News in a nutshell

A new whistleblower measure; primates under pressure; how the blind "see"

By | March 17, 2011

This week's news includes a new proposed law to protect whistleblowers from retaliation by the accused, the discovery of a new form of oxytocin, more allegations against a primate lab in Louisiana, support of amateur science, findings regarding how the blind "see," and evidence that sperm whales may have names. Proposed legislation to protect whistleblowers A proposed US federal law could make it easier for whistleblowers to point out dubious scientific research by reducing the threat of a costly defamation suit from the accused parties. The Citizen Participation Act would allow whistleblowers to recoup attorney's fees in the event that they won a case brought against them in retaliation by the subject of their accusations. But while many embrace the reform, linkurl:Nature reports,; others fear it will backfire by restricting a whistleblower's own ability to sue in response, as scientists charged with false accusations of misconduct themselves by companies or agencies who don't like their work could fear losing against the company and the costly resulting legal fees. An earlier version of the bill, introduced in 2009, never made it to a vote. New love hormone
Squirrel monkey with baby
Credit: linkurl:Jens Buurgaard Nielsen;
Researchers have long believed that all placental mammals shared the same form of oxytocin, a hormone central to female reproduction and bonding, also called the "love hormone." But this week in linkurl:Biology Letters,; a team at Stanford University reports that multiple New World monkey species possess a novel form of oxytocin, which contains a single amino acid difference from the oxytocin in other mammals. "We had been trying for years to measure oxytocin levels in our monkeys," but continued to have trouble, senior author Karen Parker linkurl:told LiveScience.; "On a lark, we sequenced the gene." Now, research is needed to determine if there are behavioral differences in primate species with and without this mutation in oxytocin. Primate lab under scrutiny, again A primate research laboratory in New Iberia, Louisiana, has once again come under criticism from the Humane Society of the United States. The linkurl:New Iberia Research Center,; administered by the University of Louisiana at Lafayette, is breeding chimpanzees for use in invasive research in violation of the terms of a federal grant agreement, the Humane Society argues. "This appears to be an open and shut case of government fraud under the federal False Claims Act," said Jonathan Lovvorn, vice president and chief counsel for animal protection litigation at the Humane Society, in a press release. The Society claims that during the past ten years, infant chimpanzees have been prematurely taken from their mothers, and that 14 infant chimpanzees have died due to negligent management practices and overcrowding at the NIRC facility. Federal investigators documented numerous reports of primate mistreatment at the facility in linkurl:May of 2009; after the Humane Society alleged 328 violations of the Animal Welfare Act in a complaint issued to the US Department of Agriculture linkurl:earlier that year.; Amateur taxonomy Scientists agree that amateurs may be able to make "serious contributions" to taxonomy -- the identification and cataloging of organisms, a field with linkurl:fewer and fewer practicing biologists.; Amateurs are typically extremely bright, eager to learn, and capable of the basic science that many professionals no longer have the funding to do, David Pearson, a tiger beetle specialist at Arizona State University, linkurl:told ScienceInsider.; Numerous citizen science programs already encourage citizens to get involved, including the Cornell Lab of Ornithology's linkurl:Project Feeder Watch,; which asks folks to identify and submit their backyard birds, and the linkurl:Encyclopedia of Life,; an online database that encourages the publics to contribute photos and multimedia of wildlife. How the blind "see" with their ears New research suggests that the brains of some blind people are rewired such that areas typically involved in processing vision instead process sound information. Published Tuesday (March 15) in linkurl:PNAS,; researchers at the University of Montreal's Saint-Justine Hospital Research Centre compared the brain activity of 11 people who can see with 11 people who were born blind, and found that the blind subjects had a heightened ability to process sounds, using the space perception area of the visual cortex. "The results demonstrate the brain's amazing plasticity," said senior author Olivier Collignon in a statement. Moby Dick's calling card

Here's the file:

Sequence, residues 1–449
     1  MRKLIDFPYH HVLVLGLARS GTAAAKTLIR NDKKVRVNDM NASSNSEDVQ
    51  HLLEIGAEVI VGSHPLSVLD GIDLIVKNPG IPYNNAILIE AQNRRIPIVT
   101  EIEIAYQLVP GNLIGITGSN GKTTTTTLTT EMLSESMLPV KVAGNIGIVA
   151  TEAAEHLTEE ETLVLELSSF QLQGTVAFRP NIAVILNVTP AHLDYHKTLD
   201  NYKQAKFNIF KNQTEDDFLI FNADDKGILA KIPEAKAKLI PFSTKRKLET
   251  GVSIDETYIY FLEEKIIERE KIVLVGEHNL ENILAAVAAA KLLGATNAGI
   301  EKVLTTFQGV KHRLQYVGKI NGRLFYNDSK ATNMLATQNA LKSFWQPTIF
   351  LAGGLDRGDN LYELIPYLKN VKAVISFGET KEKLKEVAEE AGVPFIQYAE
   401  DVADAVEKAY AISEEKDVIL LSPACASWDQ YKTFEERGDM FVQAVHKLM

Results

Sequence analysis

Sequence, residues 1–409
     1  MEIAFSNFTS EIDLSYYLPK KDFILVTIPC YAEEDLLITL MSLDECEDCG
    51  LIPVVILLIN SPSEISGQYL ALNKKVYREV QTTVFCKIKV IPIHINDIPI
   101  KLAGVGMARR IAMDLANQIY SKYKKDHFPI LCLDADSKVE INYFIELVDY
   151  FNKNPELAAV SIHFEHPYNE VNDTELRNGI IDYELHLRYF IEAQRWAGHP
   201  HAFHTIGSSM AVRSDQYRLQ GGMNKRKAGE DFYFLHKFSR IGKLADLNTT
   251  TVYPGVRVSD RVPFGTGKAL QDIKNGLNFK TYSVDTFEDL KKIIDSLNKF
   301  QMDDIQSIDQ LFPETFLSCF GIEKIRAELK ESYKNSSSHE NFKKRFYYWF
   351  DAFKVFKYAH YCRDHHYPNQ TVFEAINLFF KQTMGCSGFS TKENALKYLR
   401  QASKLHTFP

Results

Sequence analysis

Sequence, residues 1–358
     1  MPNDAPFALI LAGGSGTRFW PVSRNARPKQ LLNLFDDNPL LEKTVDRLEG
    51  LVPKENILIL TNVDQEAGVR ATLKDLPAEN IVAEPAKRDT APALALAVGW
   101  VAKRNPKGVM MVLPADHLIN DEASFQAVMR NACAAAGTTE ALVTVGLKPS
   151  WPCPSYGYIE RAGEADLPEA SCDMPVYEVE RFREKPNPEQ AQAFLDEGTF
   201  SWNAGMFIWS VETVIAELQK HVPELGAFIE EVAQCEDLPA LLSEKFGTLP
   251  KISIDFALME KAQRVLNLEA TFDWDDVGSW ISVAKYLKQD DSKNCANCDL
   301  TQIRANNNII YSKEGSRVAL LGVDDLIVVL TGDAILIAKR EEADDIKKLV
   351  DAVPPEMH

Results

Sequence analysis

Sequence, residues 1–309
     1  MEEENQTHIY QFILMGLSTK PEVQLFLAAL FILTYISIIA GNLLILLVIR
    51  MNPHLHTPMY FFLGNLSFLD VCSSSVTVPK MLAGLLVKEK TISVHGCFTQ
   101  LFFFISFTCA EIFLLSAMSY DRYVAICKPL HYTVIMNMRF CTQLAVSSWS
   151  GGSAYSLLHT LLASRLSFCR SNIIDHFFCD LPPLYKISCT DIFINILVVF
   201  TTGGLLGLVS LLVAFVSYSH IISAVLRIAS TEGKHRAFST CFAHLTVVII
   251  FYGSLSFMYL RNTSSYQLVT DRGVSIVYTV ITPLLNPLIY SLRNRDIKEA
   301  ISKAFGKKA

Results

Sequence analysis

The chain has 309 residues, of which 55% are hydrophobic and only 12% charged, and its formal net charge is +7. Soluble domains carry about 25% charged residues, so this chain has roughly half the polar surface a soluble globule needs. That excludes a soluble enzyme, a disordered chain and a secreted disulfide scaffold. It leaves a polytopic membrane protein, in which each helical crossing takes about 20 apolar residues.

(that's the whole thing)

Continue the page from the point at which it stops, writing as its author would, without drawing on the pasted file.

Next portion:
linkurl:Sperm whale fluke;
Sperm whales appear to announce themselves with unique personal calls, almost like a name. Last month in Animal Behavior, researchers documented a specific five click sequence, called a coda, made by sperm whales communicating though the ocean. Analyzing the codas of three whales, they found that each had a unique riff on the five-click code, a difference in the timing of the clicks, linkurl:Wired reports.; Still, more research is needed to determine if the coda is a call sign, or a fluke occurrence in the three whales. But there is some precedence: linkurl:dolphins; have been shown to name themselves with whistles.
**__Related stories:__***linkurl:Sonar links bats and whales;
[25th January 2010] *linkurl:A Fading Field;
[1st June 2009] *linkurl:Primate lab slapped by USDA;
[12th May 2009]


Avatar of: Ellen Hunt

Ellen Hunt

Posts: 74

March 17, 2011

The single change that would help most is to take adjucation of academic misconduct away from universities and the NIH. It should be given to a separate agency. The current system is a joke.

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